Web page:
The Monty Python sketch “Happy Valley” (video; audio with F-bomb) starts like this:
Once upon a time, long, long ago, there lived in a valley far, far away in the mountains, the most contented kingdom the world had ever known. It was called “Happy Valley,” and it was ruled over by a wise old king called Otto. And all his subjects flourished and were happy, and there were no discontents or grumblers, because wise King Otto had had them all put to death along with the trade union leaders many years before.
A great scene follows in which a man is convicted of violating the Happiness Act, which everyone but him thinks is hilarious.
That seems appropriate to start off this post about the National Labor Relations Board’s ruling on April 29 that a company cannot have a rule requiring its employees to be “positive,” or more specifically “to maintain a positive work environment by communicating in a manner that is conducive to effective working relationships.” Like in Happy Valley, the rule didn’t and couldn’t mandate actual happiness, it just threatened punishment for anybody who didn’t act happy enough.
Section 7 of the National Labor Relations Act (summary PDF) says that employees have the right to organize, bargain collectively, and “engage in other concerted activities for … mutual aid or protection,” or not to do those things if they don’t want to. Section 8 then forbids employers from doing things that interfere with those rights. The NLRB is the agency that enforces the Act, partly by ruling on complaints like the one involved here. (You now know everything I do about this topic.)
In this case the union complained, among other things, that the Happiness Rule was ambiguous and could be interpreted by an employer to preclude any (my words here) griping, bitching, and/or moaning about work conditions, and that it was broad enough to jeopardize or “chill” even justified collective griping, bitching, and/or moaning. The Board agreed:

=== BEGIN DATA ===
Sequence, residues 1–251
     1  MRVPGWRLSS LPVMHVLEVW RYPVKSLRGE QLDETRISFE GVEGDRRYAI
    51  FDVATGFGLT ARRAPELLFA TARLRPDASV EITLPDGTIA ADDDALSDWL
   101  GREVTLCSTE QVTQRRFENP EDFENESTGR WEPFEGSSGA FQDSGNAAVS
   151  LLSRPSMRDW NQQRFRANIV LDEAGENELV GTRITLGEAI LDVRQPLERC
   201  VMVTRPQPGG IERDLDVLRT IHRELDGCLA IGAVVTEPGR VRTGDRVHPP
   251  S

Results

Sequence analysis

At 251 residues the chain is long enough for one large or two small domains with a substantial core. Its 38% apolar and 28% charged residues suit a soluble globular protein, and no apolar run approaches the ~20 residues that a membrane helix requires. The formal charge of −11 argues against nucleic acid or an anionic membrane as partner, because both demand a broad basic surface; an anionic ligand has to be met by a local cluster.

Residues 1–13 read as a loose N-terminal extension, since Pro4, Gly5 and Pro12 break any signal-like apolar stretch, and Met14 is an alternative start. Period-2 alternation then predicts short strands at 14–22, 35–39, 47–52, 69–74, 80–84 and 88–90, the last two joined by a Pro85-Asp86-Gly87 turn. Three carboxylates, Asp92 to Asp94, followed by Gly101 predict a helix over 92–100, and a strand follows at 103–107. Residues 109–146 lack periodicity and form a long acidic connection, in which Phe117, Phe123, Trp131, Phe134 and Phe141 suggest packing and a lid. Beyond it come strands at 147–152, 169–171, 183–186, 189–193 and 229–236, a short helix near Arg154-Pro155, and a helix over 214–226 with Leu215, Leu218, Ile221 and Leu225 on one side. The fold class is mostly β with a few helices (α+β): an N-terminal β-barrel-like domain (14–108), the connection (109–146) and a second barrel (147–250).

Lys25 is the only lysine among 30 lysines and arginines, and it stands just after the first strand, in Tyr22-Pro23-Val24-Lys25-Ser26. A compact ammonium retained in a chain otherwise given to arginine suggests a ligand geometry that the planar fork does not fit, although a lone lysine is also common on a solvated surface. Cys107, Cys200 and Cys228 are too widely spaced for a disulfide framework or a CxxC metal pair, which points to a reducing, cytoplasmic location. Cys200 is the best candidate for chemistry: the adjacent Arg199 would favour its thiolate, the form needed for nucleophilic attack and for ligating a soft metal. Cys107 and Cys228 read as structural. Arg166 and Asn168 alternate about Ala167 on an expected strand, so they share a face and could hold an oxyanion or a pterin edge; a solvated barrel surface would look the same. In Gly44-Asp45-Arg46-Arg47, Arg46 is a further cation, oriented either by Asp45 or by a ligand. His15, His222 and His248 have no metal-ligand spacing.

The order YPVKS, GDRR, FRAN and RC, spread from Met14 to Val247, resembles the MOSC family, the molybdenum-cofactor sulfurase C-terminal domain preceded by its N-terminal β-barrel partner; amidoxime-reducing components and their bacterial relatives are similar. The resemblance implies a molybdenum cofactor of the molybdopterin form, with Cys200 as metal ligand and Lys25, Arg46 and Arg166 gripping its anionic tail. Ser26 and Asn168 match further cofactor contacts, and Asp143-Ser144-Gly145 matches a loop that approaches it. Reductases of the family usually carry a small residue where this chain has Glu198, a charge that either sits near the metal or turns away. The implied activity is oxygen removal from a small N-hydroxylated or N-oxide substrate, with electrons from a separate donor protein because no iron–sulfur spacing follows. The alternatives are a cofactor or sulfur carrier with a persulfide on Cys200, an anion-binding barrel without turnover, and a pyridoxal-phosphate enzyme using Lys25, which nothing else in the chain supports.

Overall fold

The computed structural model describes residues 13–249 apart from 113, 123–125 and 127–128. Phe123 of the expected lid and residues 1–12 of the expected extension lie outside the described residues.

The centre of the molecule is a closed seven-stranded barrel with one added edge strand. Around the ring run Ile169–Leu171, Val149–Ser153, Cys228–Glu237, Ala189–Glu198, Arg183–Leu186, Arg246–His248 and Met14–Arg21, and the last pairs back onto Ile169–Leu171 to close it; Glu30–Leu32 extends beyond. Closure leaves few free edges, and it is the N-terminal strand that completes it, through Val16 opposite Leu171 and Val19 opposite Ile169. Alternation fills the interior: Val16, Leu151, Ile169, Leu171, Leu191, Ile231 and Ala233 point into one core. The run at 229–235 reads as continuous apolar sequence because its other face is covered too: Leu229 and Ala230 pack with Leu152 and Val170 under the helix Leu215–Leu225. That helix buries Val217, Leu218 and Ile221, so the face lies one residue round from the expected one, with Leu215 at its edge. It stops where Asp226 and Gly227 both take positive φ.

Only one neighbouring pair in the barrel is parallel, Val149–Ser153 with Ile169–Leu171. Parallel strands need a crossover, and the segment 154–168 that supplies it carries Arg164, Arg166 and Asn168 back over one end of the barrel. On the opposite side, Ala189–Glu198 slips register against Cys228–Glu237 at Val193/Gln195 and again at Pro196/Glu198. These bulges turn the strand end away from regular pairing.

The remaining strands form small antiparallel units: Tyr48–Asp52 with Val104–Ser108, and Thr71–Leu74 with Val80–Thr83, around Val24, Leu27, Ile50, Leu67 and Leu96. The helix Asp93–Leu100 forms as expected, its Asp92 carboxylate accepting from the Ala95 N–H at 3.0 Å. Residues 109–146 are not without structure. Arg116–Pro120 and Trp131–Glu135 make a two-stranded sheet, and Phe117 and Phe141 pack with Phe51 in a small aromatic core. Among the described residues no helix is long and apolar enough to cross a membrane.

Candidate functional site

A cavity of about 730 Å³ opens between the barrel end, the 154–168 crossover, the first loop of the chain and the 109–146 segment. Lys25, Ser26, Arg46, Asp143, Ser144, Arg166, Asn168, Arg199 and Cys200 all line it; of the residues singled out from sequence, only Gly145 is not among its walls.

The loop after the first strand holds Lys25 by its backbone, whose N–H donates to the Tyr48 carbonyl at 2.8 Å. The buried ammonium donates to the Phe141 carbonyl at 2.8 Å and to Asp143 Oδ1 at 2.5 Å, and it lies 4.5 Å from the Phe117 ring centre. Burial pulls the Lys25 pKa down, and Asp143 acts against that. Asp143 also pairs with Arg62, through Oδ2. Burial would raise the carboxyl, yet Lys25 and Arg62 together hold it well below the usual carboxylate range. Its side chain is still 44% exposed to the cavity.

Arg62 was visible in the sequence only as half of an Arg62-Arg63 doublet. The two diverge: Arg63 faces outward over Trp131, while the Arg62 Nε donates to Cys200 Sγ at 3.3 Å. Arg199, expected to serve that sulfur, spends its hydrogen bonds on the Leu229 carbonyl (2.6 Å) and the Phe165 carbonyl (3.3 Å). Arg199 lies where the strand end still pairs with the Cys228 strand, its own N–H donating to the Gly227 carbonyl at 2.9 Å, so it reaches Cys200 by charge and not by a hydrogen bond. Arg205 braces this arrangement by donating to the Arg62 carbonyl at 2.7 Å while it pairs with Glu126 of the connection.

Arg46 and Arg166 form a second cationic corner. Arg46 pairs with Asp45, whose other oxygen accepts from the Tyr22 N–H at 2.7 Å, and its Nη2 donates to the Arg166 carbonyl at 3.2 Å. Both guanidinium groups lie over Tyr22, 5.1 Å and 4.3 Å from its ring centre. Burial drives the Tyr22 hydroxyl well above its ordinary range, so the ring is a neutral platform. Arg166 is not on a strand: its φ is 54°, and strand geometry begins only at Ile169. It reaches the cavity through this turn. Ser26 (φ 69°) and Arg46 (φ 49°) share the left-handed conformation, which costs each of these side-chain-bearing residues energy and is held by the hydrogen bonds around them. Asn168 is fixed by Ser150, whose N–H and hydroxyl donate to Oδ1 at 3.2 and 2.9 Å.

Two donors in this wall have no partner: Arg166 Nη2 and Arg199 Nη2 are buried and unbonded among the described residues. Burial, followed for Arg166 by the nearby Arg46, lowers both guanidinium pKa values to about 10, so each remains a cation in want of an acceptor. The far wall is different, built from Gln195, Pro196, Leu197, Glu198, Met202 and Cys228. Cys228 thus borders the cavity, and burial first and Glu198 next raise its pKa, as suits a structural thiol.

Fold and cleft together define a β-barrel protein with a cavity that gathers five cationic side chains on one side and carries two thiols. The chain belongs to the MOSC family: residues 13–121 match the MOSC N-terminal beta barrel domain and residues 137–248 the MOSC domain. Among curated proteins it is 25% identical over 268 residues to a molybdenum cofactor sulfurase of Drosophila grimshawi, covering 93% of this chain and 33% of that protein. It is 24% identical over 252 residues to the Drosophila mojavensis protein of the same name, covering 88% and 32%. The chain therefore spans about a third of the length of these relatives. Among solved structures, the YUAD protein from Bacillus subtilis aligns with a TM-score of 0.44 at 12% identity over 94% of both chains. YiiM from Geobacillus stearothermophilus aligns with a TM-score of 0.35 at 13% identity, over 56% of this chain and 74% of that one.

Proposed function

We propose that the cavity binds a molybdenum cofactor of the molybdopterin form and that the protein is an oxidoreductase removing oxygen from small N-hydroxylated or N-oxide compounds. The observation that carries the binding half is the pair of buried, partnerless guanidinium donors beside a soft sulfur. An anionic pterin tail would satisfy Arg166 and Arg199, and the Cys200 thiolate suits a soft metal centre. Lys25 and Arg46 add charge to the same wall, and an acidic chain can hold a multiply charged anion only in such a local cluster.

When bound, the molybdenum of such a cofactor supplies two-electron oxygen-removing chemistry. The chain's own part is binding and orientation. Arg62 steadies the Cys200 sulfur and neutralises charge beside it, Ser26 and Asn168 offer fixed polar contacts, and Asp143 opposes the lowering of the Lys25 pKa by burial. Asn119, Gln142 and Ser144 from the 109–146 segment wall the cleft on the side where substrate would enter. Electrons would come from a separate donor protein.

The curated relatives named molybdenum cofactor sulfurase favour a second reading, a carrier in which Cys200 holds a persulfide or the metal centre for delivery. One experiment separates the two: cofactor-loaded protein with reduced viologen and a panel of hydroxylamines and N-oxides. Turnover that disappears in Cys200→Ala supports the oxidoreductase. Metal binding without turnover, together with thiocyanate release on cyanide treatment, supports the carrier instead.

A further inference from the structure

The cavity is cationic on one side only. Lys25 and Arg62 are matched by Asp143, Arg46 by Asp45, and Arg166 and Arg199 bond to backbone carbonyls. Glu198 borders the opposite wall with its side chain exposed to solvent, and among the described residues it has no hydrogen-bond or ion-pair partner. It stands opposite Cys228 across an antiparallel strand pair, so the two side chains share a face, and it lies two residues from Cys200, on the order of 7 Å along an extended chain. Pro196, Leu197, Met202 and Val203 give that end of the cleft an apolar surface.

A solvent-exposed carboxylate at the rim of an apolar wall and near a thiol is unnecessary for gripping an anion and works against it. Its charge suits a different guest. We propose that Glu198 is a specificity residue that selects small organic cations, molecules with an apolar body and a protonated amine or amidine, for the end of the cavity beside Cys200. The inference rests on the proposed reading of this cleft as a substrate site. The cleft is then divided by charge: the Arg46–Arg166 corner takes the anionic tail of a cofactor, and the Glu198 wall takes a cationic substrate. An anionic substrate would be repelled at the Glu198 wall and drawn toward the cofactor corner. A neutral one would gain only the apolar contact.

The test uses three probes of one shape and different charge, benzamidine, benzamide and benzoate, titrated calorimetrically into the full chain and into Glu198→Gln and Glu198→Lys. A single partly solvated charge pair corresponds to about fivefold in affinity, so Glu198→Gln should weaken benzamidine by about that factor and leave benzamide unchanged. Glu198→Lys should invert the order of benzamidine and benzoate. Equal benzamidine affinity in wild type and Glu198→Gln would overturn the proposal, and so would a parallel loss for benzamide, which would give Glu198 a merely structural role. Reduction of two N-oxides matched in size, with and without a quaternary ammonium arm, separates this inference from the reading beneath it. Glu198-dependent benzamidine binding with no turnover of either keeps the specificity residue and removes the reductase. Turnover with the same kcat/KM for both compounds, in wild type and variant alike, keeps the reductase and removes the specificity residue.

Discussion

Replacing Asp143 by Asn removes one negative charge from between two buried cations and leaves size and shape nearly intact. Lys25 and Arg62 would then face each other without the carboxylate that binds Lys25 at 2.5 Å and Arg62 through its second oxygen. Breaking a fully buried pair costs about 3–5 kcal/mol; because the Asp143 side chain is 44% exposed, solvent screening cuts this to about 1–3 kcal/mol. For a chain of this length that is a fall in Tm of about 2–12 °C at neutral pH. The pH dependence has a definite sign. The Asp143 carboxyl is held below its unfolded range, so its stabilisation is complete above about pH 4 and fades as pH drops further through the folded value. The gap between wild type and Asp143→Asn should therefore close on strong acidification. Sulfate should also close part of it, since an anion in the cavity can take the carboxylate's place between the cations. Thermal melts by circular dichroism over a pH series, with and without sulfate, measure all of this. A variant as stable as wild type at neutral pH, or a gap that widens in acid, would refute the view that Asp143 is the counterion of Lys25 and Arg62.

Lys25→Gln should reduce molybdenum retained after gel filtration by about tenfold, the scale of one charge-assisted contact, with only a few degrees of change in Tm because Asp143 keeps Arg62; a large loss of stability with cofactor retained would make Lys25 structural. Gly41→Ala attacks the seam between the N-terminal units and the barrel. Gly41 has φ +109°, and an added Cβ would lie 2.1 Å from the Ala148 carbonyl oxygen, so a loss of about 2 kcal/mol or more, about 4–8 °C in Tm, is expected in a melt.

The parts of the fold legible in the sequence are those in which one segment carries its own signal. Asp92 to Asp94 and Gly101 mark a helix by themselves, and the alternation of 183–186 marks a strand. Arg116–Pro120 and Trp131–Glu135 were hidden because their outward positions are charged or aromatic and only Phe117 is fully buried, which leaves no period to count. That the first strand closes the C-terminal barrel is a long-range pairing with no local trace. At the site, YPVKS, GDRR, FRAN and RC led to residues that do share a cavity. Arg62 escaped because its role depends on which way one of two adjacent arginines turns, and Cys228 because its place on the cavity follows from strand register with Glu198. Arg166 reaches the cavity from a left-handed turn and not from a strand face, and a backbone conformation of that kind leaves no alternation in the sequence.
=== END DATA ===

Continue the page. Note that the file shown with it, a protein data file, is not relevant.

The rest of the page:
We find that employees would reasonably construe the rule to restrict potentially controversial or contentious communications and discussions, including those protected by Section 7 of the Act, out of fear that the Respondent would deem them to be inconsistent with a “positive work environment.”
You should be aware that it distinguished between this situation and narrower rules that prohibit things like “insubordination” or a negative attitude that is actually “disruptive … or has a negative impact on guests.” That isn’t protected conduct. But the Board decided this one was sufficiently broad to either punish protected conduct or discourage it, and that this was enough to invalidate the rule:
[E]mployees would read the rule in context with other work rules, found unlawful here, prohibiting employees from “arguing” and from making “detrimental” comments about the [employer]. Because labor disputes and union organizing efforts frequently involve controversy, criticism of the employer, arguments, and less-than-“positive” statements about terms and conditions of employment, employees reading the rule here would reasonably steer clear of a range of potentially controversial but protected communication in the workplace for fear of running afoul of the rule.
You should also be aware that your workplace may well not be subject to the NLRA, although you might or might not be able to argue for similar protections in some circumstances under the First Amendment. Or you may be an “at-will” employee, in which case you’re probably screwed. Like I said, you now know everything I do about the topic, basically, so you must gripe at your own risk.
As this article on the decision points out, there are in fact “obvious benefits to maintaining a positive, carefree work environment,” including but not limited to increased productivity (all else being equal). To maximize those benefits, though, the positivity should be real. Somebody may have missed the memo on that, but it’s worth circulating again.